All of the video modes have been separated into a different tab. This is a departure from the 7 Pro, however, if you update the 7 Pro to Android 14, you’ll see the same division too. In the Video section, you’ll find the standard ordinary Video mode, as well as other options such as Slow Motion, Time Lapse, and Pan (for creating panning video with smooth stabilisation).
A fair amount has been made of the Pixel 8 series’ new editing tools, particularly Best Take and Magic Editor. We’ve taken a closer look at how the Pixel’s Magic Editor works in a separate feature. But, to sum up, there’s a number of edits you can make, with perhaps the most interesting being that you can erase objects, move them around the frame, or make them bigger or smaller. Sometimes it’s very successful, other times less so – it’s certainly worth experimenting with and can be useful for removing distracting elements. It does have some drawbacks though – for example, it’s quite slow to use and you’ll need to back up your (all of your) images to Google Photos before you can use it.
Best Take is a fun feature for group portraits and selfies. When you take a series of portraits with faces in, you can head to the editor afterwards and select the best of the faces – perhaps somebody was blinking or looking miserable – in one shot. Again, sometimes this works better than other times – it can be confused by things like glasses on occasion, but generally it’s a fun feature that can certainly “save” a family photo that’s gone awry and requires no special editing expertise.
Google Pixel 8 Pro – Image Quality and Performance
We have been continually impressed by the quality of imagery from the Pixel series, right from the very first model – and the 8th generation builds on everything the previous models have done to produce the Pixel’s best quality images yet.
Shooting in good light yields the best results, with images which display a good level of detail, accurate exposures and colours which strike an excellent balance between vibrant and realistic. Comparing it with models such as the iPhone 15 Pro Max – which tends to be a little flatter – and the Samsung S23 Ultra – which goes far too vibrant, the Pixel 8 Pro sits neatly in the middle. What’s more, there’s excellent colour matching between the three different lenses available too.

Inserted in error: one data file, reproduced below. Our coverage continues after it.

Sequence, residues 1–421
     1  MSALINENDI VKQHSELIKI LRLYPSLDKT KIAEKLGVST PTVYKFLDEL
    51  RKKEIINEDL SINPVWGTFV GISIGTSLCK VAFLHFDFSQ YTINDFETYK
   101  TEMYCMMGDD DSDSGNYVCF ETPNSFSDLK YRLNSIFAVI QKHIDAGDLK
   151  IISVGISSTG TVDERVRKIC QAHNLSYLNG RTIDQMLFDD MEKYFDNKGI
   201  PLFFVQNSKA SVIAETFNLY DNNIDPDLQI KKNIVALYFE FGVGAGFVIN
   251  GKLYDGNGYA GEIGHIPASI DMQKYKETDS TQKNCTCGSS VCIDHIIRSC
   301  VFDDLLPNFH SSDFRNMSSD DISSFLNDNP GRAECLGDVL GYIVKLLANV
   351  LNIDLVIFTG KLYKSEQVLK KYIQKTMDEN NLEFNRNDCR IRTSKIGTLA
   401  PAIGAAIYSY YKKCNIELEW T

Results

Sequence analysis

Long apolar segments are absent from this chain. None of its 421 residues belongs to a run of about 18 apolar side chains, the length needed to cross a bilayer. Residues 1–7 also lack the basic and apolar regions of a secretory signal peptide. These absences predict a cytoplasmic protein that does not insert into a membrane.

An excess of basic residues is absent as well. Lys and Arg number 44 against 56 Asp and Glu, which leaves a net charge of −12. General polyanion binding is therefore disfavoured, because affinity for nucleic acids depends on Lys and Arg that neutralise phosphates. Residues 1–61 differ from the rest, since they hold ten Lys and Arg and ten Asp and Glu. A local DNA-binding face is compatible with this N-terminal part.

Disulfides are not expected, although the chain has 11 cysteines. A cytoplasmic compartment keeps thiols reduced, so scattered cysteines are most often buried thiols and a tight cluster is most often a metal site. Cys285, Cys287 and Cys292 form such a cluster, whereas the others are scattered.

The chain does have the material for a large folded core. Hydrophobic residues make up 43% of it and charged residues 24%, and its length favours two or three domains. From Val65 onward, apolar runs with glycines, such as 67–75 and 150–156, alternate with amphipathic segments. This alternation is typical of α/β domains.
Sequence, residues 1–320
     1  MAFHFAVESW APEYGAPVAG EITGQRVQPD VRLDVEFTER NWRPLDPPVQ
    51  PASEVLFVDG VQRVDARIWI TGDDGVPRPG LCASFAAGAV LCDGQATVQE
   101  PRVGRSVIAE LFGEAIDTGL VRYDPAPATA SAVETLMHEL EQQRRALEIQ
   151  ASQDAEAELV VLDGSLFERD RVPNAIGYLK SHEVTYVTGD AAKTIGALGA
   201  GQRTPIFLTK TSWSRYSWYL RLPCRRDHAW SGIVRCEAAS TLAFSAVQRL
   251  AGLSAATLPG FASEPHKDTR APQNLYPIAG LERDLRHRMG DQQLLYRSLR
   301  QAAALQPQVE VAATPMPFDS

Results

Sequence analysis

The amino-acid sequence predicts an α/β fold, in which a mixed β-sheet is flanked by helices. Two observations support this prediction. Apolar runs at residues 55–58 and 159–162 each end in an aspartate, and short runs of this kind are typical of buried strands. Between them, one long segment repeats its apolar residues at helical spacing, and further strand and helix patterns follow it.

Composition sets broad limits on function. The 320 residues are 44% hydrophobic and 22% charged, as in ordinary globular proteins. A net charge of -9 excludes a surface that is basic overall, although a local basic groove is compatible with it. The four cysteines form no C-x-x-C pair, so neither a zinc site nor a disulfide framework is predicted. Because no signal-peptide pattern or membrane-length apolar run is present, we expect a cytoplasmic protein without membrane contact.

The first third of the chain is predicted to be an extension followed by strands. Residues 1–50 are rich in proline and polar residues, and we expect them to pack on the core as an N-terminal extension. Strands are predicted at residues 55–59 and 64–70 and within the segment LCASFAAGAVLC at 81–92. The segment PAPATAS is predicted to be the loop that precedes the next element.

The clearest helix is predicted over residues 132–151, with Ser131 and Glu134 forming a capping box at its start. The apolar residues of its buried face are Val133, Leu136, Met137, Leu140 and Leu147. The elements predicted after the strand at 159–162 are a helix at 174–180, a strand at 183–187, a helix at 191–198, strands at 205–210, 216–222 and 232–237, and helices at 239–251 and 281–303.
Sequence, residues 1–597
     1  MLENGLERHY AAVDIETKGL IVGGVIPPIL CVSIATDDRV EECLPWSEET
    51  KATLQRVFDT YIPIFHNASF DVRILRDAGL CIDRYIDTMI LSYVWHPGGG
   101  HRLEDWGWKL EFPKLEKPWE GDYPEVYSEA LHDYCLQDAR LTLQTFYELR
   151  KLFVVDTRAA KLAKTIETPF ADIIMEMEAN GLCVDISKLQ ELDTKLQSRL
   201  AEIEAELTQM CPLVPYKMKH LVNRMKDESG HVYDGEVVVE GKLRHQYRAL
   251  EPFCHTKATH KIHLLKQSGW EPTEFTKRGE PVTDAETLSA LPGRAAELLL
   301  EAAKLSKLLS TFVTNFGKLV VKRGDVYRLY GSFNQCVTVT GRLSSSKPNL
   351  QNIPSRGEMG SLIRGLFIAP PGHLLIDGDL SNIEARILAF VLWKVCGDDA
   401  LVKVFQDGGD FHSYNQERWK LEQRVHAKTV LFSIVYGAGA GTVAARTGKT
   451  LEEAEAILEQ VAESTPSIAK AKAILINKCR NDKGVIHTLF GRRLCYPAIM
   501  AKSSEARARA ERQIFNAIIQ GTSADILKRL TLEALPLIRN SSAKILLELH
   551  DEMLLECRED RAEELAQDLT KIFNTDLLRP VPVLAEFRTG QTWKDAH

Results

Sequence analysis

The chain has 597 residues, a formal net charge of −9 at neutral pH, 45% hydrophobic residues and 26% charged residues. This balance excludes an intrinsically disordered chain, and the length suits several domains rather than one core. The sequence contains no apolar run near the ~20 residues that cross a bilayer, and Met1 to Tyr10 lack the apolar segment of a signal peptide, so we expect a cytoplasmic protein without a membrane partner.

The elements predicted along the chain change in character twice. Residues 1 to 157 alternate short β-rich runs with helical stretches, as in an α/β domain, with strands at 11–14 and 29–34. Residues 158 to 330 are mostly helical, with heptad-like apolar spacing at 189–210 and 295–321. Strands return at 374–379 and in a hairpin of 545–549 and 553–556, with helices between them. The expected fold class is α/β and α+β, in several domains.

In good light, the differences between the Pixel 7 Pro and 8 Pro aren’t huge – on the whole the two models put in a fairly similar performance, especially from the main lens. However, I noticed that on several occasions when I thought I was shooting with the 5x lens with the 7 Pro, it was in fact utilising the 1x sensor. This never happened with the 8 Pro, which has a wider aperture, so it’s likely that it’s down to the available light – even when it’s not particularly dark. As a result, images shot with the 5x lens selected from the 8 Pro produces consistently better results.
On the whole, the 5x lens is very good. Some might argue that 5x is “too long”, compared to the 3x lenses you’ll find on the S23 Ultra and the iPhone 15 Pro (not the 15 Pro Max which also has a 5x lens), but you can also shoot at 2x or 3x with the 1x lens (which will use the central portion of the sensor). My feeling therefore is that it’s good to have a dedicated lens for getting just that bit closer. Digital zoom is available up to 30x. Up to around 10x, the results are usable, especially at smaller sizes, but beyond that, the images become a bit too smudgy for anything but a record shot.